By Dr. Clark Armstrong

Many people do not realize that the concept of the “priesthood of all believers” was also one of the main tenets of the Reformation from its very start. And many pastors or teachers have overlooked or downplayed that truth.

At its beginning, however, the Reformation’s main points were sola scriptura (scripture alone as our source of authority), sola fide (salvation by faith alone and not by works), and the priesthood of all believers. The other “solas” were added as the Reformation proceeded. All of these were in reaction to prevalent practices and teachings of the Catholic Church at that time. The great principle known as “the priesthood of all believers” was a reaction to the fact that the Catholic Church taught that prayers, confessions and ministry could only be done through or by the priests of the church.

The reformers believed literally that all believers are a “royal priesthood” (1 Pet. 2:9). The book of Hebrews teaches that Jesus Christ is our one true high priest and that we can go straight to him with our prayers (4:14-16). The word priest means “bridge or mediator.” In 1 Timothy 2:5, it says that “There is one God and one mediator between God and man, the man Christ Jesus.” Luther taught that a sinner could confess personal sins directly to God through Christ and find forgiveness (Heb. 2:17-18, 1 John 1:9). That was a very radical thought at the time.

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The reformers taught that, as believers, we all have direct access to God through Jesus and there is no necessity for an earthly mediator. The prayers of the priests could be helpful, but Luther viewed the practice at his time as a perversion and misapplication of the Aaronic or Levitical priesthood which was clearly fulfilled in Christ and done away with by the New Testament. The practices that he opposed in his 95 theses were seen as blatant malpractice by the priests of the church.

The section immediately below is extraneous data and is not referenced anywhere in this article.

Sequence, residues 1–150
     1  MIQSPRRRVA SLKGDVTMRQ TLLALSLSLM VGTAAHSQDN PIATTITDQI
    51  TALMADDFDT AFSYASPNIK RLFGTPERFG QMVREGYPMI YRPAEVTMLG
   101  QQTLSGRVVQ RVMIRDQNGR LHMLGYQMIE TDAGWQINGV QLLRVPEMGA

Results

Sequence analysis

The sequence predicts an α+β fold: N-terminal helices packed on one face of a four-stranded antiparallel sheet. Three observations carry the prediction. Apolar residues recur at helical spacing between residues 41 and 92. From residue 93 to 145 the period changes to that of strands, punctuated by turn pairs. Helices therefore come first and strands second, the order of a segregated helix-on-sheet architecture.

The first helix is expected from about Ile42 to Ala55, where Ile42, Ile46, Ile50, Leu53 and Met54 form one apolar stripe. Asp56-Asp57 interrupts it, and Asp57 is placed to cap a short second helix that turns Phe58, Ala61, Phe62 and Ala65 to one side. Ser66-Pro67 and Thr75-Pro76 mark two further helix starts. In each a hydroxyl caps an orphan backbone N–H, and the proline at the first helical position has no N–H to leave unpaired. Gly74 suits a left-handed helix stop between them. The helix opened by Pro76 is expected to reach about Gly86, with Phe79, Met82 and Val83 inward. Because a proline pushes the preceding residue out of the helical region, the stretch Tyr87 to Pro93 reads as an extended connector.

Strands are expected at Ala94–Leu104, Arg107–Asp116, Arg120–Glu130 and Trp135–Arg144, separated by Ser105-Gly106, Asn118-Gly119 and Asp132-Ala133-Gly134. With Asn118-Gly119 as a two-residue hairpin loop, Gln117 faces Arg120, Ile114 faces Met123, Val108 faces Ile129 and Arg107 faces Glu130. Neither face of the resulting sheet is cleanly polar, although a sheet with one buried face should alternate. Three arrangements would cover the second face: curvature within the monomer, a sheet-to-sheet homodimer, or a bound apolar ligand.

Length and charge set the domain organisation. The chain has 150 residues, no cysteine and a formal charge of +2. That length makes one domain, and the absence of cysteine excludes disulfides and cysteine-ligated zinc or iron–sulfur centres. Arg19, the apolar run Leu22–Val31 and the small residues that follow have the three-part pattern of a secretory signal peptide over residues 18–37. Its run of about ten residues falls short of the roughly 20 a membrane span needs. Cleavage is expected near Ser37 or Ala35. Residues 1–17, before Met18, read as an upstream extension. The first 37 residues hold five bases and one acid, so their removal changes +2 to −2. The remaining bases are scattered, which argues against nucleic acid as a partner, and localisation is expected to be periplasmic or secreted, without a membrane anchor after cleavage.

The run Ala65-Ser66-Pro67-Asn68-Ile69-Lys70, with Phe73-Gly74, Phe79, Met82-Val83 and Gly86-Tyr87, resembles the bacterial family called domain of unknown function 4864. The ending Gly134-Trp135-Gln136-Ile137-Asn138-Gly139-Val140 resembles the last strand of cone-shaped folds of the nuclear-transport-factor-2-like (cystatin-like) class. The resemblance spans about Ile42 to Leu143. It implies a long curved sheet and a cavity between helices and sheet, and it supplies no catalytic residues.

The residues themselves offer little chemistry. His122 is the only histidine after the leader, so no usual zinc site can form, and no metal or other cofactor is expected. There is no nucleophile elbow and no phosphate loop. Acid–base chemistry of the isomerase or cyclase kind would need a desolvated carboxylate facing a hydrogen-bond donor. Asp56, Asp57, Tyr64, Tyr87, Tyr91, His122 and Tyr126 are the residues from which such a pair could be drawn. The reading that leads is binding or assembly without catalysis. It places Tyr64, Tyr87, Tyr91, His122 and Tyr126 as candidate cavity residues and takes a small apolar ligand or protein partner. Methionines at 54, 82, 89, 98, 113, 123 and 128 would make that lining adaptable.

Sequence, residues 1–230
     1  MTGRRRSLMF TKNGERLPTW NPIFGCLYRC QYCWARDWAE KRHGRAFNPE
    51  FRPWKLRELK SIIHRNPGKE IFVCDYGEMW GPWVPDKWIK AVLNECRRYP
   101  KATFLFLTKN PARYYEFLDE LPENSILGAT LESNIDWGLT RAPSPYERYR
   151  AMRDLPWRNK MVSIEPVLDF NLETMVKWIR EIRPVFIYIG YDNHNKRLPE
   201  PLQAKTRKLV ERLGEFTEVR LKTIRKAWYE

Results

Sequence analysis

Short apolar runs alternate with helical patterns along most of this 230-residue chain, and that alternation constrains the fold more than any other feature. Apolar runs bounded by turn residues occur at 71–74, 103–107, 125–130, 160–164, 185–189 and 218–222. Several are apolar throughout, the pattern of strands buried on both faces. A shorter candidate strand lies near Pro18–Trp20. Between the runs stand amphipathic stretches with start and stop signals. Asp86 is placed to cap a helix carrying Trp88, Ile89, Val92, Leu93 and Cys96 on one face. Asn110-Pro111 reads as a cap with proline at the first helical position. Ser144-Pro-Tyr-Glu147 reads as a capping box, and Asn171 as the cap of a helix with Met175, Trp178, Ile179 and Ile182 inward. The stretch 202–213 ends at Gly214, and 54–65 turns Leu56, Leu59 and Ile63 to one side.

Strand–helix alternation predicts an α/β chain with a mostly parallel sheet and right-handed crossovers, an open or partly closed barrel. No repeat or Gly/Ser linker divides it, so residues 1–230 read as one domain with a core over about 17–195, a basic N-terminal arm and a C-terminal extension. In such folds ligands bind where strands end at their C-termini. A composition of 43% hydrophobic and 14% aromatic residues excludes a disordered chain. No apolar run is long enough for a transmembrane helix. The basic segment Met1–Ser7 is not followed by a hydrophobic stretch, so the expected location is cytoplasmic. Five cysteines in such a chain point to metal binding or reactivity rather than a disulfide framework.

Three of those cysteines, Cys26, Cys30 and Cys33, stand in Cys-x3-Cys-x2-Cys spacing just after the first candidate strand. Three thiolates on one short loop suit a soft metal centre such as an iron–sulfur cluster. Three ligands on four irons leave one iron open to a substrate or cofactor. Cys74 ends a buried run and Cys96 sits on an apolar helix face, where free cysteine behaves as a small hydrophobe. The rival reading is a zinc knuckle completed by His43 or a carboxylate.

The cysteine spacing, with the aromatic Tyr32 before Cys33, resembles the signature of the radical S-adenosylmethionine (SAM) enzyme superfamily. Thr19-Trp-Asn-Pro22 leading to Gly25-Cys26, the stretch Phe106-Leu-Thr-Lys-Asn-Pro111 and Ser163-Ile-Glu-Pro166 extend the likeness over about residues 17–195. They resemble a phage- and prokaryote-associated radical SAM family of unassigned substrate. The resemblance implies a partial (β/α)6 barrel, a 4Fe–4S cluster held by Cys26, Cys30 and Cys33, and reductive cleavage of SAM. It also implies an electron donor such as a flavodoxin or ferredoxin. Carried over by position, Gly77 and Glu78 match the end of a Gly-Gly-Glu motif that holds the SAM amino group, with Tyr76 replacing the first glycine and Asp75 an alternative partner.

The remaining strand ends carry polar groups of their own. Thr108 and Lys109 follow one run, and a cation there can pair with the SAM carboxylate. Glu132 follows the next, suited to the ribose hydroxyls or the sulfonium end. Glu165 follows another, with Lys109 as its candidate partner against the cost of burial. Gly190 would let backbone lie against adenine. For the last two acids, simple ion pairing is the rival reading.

Every time a sinner repents directly to the Lord; every time we offer prayers to God freely; every time we call on the name of the Lord personally, we should give praise to God for this wonderful doctrine of the Reformation!

*Dr. Clark Armstrong is a Missionary Professor at Asia-Pacific Nazarene Theological Seminary in Manila, Philippines where he has served with his wife Connie since September 2013. Previously he served as a pastor for 32 years in the United States.

 

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